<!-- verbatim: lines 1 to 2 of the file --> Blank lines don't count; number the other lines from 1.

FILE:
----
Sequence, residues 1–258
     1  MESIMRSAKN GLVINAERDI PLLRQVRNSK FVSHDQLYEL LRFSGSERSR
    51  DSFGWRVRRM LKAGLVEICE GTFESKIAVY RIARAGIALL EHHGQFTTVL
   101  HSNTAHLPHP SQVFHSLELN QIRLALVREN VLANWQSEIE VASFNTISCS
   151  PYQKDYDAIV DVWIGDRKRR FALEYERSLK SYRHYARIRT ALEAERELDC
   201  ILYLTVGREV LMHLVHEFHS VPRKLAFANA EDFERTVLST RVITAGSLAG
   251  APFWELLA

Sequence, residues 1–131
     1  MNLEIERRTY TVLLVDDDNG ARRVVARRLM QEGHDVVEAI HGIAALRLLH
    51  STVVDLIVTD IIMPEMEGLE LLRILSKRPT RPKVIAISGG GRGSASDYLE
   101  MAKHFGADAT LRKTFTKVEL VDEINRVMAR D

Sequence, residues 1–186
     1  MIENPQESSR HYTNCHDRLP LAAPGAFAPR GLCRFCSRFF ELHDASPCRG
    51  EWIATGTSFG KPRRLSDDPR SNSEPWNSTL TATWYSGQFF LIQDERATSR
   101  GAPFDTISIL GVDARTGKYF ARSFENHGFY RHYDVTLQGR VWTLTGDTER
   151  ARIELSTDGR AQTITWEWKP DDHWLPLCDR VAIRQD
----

Sequence, residues 1–258
     1  MESIMRSAKN GLVINAERDI PLLRQVRNSK FVSHDQLYEL LRFSGSERSR